Contents: The Flash #141 (December 1963) to #161 (May 1966)
Key Creator Credits: John Broome, Carmine Infantino, Gardner Fox, Joe Giella, Murphy Anderson, and others
Key First Appearances: Paul Gambi, T.O. Morrow
Story Continues From: Showcase Presents The Flash Vol. 2
Story Continues In: Showcase Presents The Flash Vol. 4
Overview: The fastest man alive is back with another collection of his Silver Age adventures. Most of the title-building has been done in the first two volumes, so this volume continues on with what has been previously established, with incremental additions to the ongoing story. Welcome to Showcase Presents The Flash Vol. 3.
As was common in this era at DC Comics, most issues feature two stories, although there is the occasional full-length story to be found. The Flash’s various Rogues rotate in and out from issue to issue, finding new ways to challenge him each time. We still get plenty of situations with fiancé Iris West complaining about how slow Barry is always, a still-ironic plot point in a book about a man who runs really fast. Barry’s circle of friends is still in place, with frequent appearances from Kid Flash, the Jay Garrick Flash, and Green Lantern. The Flash even has a team-up with Doctor Mid-Nite from Earth-2.
There are two notable additions to the DC Universe in this volume. The first is the introduction of the villain T.O. Morrow, an inventor and scientist. He has often gone up against the Justice League and Justice Society and is most known for creating the android Red Tornado. The other introduction found in this volume is Paul Gambi, a tailor in Central City. While mostly forgettable, he becomes to the tailor for all of the villains working in the city, repairing or replacing their costumes following a defeat at the hands of the Flash. Having all of the villains getting their costumes in one place brought the group together in The Flash #155, and led to the formation of the Rogues Gallery.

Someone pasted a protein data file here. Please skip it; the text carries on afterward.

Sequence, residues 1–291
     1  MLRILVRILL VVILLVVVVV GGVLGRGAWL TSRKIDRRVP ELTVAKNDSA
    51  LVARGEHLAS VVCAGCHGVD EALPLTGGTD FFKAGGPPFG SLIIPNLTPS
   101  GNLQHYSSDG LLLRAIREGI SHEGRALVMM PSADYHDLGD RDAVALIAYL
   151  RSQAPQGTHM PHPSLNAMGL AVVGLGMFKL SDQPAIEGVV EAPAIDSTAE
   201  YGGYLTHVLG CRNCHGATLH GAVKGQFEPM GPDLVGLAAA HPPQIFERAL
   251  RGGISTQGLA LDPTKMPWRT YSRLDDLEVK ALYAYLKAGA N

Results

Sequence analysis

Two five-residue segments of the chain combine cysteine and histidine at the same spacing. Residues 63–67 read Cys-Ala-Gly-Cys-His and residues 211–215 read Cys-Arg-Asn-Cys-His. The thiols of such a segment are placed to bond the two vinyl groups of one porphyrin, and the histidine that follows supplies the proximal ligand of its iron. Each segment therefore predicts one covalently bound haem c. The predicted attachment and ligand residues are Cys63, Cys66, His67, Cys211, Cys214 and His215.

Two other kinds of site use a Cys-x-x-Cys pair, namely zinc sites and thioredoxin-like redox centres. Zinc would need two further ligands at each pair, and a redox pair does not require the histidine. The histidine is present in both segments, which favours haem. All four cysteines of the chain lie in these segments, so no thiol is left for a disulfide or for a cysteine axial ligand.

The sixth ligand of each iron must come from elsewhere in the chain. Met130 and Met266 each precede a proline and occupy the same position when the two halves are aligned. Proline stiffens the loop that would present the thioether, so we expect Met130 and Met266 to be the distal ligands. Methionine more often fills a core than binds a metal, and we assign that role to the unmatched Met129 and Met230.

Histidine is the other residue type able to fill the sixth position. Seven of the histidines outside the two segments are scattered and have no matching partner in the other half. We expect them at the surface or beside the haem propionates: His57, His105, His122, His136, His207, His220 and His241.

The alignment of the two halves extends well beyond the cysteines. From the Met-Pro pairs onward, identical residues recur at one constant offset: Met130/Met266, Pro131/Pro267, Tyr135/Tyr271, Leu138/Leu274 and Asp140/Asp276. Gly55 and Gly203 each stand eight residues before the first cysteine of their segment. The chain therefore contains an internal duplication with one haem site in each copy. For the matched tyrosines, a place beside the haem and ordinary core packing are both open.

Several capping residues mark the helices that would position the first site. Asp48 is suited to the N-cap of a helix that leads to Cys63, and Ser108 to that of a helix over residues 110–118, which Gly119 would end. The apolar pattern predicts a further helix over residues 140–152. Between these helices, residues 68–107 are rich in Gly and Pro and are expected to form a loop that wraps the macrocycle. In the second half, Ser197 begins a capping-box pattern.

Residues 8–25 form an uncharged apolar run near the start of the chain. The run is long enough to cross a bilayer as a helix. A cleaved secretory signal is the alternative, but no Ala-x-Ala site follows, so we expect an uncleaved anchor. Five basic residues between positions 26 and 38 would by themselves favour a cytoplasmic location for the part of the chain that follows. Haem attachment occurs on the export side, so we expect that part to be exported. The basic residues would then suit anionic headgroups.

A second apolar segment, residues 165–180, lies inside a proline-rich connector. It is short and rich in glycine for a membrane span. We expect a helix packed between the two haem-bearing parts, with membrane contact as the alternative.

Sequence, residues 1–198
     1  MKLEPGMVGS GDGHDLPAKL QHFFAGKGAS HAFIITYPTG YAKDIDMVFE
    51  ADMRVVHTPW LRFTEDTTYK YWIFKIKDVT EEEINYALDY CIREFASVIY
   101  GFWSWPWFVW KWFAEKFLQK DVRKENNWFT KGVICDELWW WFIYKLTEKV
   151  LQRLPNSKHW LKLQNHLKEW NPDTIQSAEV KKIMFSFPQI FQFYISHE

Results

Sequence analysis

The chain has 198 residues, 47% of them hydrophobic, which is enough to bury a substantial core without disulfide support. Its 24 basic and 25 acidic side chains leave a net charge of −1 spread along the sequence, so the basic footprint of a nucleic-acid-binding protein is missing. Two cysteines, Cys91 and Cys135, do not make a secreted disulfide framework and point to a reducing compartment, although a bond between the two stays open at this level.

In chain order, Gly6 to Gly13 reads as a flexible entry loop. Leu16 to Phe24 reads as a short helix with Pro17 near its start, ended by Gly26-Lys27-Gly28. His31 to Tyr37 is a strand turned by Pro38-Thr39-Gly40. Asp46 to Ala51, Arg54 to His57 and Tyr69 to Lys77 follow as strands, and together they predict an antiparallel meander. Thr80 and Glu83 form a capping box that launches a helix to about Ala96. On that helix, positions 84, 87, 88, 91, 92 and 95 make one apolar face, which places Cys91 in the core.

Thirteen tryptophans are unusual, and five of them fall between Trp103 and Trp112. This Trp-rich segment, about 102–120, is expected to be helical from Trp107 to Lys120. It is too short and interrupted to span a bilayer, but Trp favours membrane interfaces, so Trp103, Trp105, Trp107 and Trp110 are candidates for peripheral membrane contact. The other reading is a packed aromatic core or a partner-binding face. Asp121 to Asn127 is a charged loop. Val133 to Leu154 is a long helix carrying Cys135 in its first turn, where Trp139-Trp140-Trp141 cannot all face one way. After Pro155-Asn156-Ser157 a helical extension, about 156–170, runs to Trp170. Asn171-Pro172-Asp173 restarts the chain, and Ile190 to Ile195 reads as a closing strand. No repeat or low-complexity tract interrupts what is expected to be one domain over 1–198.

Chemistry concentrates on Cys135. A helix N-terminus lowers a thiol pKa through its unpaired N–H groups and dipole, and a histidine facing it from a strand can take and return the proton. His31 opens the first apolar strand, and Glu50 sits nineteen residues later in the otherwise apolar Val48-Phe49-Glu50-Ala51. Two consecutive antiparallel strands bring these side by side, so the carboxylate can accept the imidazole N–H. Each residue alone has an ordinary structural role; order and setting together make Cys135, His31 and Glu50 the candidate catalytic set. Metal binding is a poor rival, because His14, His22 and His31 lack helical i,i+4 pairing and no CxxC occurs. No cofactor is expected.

Why should these stories be Showcased?: The Flash ranks near the top of my list of favorite Silver Age titles from DC Comics. The stories generally hold up; the situations that set-up the stories maybe aren’t as believable, but they aren’t as absurd as those in other titles in this era. We have a rotating team of Broome, Infantino, and Fox that build a near seamless universe for Barry Allen and company. Kid Flash graduates into his own re-occurring feature, in a time when Robin was not. This is a solid collection of the era and should be part of your library with the increased popularity of the Flash in current media.
Footnotes: The Flash #160 is a reprint issue. The cover is included in this collection.
If you like this volume, watch: The Flash tv show on the CW, which began in the fall of 2014. Sure, this seems like a no-brainer pick, but I think there may still be a few hold-outs among you. Anyway, building on the success of the Arrow tv show, executives worked out a way to bring the Scarlet Speedster back to primetime. Grant Gustin plays Barry Allen, handling the role like he was born to play it. The best part of this show is that it borrows elements from so many different eras in the Flash’s history. The show uses parts of the original Silver Age origin from Showcase #4, as well as the revised origin from Geoff Johns in the 2000s. We have many of the supporting characters, such as Iris West, Jay Garrick, and the Rogues Gallery. There are even nods to the 1990s Flash show, with the inclusion of John Wesley Shipp and Mark Hamill. This is a family-friendly show that I enjoy watching with my kids each week.